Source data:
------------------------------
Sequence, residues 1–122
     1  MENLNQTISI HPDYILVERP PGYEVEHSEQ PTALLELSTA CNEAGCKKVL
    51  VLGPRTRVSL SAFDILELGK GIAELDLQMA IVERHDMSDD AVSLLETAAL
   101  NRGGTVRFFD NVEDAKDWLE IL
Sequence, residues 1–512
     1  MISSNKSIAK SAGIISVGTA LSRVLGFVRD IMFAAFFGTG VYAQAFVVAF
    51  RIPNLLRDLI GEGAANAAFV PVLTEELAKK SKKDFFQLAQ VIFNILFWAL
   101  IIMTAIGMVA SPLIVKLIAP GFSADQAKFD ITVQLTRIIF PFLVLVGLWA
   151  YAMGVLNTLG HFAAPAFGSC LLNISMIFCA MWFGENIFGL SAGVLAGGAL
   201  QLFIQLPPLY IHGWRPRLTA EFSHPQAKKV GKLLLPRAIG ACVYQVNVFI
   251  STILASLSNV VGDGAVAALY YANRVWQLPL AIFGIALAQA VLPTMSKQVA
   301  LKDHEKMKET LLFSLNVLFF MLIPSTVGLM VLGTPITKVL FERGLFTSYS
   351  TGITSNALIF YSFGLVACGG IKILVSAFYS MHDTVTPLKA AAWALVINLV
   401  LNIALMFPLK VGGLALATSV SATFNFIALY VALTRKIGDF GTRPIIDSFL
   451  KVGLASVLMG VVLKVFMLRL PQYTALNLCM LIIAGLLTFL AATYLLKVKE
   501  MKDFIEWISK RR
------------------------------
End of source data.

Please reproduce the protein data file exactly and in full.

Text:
Sequence, residues 1–122
     1  MENLNQTISI HPDYILVERP PGYEVEHSEQ PTALLELSTA CNEAGCKKVL
    51  VLGPRTRVSL SAFDILELGK GIAELDLQMA IVERHDMSDD AVSLLETAAL
   101  NRGGTVRFFD NVEDAKDWLE IL
Sequence, residues 1–512
     1  MISSNKSIAK SAGIISVGTA LSRVLGFVRD IMFAAFFGTG VYAQAFVVAF
    51  RIPNLLRDLI GEGAANAAFV PVLTEELAKK SKKDFFQLAQ VIFNILFWAL
   101  IIMTAIGMVA SPLIVKLIAP GFSADQAKFD ITVQLTRIIF PFLVLVGLWA
   151  YAMGVLNTLG HFAAPAFGSC LLNISMIFCA MWFGENIFGL SAGVLAGGAL
   201  QLFIQLPPLY IHGWRPRLTA EFSHPQAKKV GKLLLPRAIG ACVYQVNVFI
   251  STILASLSNV VGDGAVAALY YANRVWQLPL AIFGIALAQA VLPTMSKQVA
   301  LKDHEKMKET LLFSLNVLFF MLIPSTVGLM VLGTPITKVL FERGLFTSYS
   351  TGITSNALIF YSFGLVACGG IKILVSAFYS MHDTVTPLKA AAWALVINLV
   401  LNIALMFPLK VGGLALATSV SATFNFIALY VALTRKIGDF GTRPIIDSFL
   451  KVGLASVLMG VVLKVFMLRL PQYTALNLCM LIIAGLLTFL AATYLLKVKE
   501  MKDFIEWISK RR